Kúvingafjall, May 18 2017

Faroe Islands, day 1 (cont.)

Peaks visited:

Peak Height PF Location GPX
Kúvingafjall 830m 830m Kunoy, Faroe Islands GPX

It was our first full day on the Faroe Islands. Anne and I had visited Slættaratindur (the highest peak) earlier in the day, and now we had arrived at Klaksvik and checked into the local hotel. Anne decided to be a normal tourist for the rest of the day, while I wanted to explore another peak.


But first, we wanted to visit Rúsdrekkasøla Landsins – the place where you can buy alcohol. I was happy to see that one of the wine producers have taken women’s vanity seriously…

Anne will drink this wine so that the bag gets lighter. Then she will carry it around 😉

As we had done the highest peak on Eysturoy, I wanted to another island high point. The most accessible one was Kúvingafjall (830m) on Kunoy.

Kunoy is a short drive from Klaksvik. You cross the fjord on a curvy molo road before getting to a long, straight-lined tunnel that takes you to the west side of the island, and the village Kunoy. The tunnel is pitch dark and has only one lane, with pockets every 100 meter or so.

Kunoy – the island in center

On my way to Kunoy, I got a glimpse of Kúvingafjall. The mountain was partially hidden in the fog. The parts I could see looked difficult. I thought to myself that route finding would be a long and tedious job and I wanted to be back in town before dinner.

Kúvingafjall – looking a bit scary

Fortunately, I met a local who explained to me that I should attempt neither the south ridge, nor the Skarðdalur valley. Instead, I should head up Litlidalur, and find my route from there. He seemed to be a reliable source of information, so I decided to try my luck in Litlidalur. He also told me to be very careful with respect to the fog. The fog could come instantly. I looked up on the mountain, which was already covered in fog, and was wondering if he was talking about “the mother of all fog”, or something like that. In any case, I promised both him and myself to be careful.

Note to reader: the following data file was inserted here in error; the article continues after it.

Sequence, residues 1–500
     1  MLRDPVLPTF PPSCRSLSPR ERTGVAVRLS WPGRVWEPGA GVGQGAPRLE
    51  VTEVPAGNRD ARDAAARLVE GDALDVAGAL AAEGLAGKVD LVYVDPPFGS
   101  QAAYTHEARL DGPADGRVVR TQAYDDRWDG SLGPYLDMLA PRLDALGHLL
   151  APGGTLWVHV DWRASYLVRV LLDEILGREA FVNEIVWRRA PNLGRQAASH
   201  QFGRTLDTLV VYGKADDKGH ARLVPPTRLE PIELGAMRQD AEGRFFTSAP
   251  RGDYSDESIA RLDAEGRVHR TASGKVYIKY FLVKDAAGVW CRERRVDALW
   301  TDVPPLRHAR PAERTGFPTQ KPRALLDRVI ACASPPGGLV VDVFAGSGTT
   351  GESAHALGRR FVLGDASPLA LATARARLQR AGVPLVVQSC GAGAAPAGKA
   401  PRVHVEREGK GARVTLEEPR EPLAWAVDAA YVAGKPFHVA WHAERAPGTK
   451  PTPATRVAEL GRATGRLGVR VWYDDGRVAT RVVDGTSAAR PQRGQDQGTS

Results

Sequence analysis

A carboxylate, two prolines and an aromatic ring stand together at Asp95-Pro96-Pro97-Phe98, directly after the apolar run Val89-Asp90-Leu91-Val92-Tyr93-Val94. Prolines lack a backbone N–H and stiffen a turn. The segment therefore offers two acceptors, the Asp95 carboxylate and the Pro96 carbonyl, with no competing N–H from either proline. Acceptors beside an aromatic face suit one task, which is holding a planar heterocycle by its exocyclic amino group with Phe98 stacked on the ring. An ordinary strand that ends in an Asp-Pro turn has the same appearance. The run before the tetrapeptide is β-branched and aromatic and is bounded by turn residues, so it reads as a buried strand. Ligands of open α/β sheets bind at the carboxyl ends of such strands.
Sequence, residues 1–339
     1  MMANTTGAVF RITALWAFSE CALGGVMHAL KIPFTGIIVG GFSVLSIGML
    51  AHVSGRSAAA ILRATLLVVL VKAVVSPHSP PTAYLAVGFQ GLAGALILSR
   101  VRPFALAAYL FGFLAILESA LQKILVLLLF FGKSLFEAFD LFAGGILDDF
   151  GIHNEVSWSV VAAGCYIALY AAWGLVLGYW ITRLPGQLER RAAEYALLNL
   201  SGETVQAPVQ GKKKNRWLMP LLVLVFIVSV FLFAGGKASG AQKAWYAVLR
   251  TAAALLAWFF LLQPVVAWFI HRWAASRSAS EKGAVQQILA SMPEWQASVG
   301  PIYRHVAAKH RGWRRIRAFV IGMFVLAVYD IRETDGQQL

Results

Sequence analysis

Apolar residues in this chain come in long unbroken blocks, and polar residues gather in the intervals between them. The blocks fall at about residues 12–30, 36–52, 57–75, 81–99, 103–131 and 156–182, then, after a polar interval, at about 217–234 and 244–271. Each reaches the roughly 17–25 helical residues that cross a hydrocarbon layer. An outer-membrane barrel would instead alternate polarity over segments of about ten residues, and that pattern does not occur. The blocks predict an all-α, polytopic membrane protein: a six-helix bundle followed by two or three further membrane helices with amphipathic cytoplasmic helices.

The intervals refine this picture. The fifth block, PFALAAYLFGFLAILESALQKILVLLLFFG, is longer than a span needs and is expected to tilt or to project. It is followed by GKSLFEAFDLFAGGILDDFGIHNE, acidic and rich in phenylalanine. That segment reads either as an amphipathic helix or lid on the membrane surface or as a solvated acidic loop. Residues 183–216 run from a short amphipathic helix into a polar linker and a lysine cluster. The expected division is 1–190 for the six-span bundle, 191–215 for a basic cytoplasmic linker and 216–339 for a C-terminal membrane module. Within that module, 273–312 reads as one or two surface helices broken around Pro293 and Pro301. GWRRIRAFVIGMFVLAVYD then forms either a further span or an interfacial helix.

Litlidalur valley – in center

I parked my car, headed up the Nidan Vidarlund road, and then a gravel road up to Plantasjen. I don’t know what it is, but I think it’s a forest. I entered a gate, followed a path through the forest, and exited the forest through a gate. Now I was at the entrance to the valley. At this point, it didn’t occur to me that I had been into a forest, albeit small. Forests on the Faroe Islands are a … rare thing.

Through a small forest – a rare experience on the Faroe islands

On my way up the valley, it was soon evident where I ought to ascend to get to the plateau above. In case this valley would flood with fog, I began my “safe route home” project.

In Litlidalur. My route went up to the left of center

This project was simply aiming for a point, follow a straight line there, make a GPS waypoint, and leave one or two rocks that I would recognize on my way back. The GPS has a nasty bug and sometimes the GPS track disappears from the screen. As such, I have to rely on waypoints. The waypoints alone would be sufficient for safety. The rocks I just left to get the “OK, I was definitely here” feeling.

In Litlidalur. Looking up Urðafjall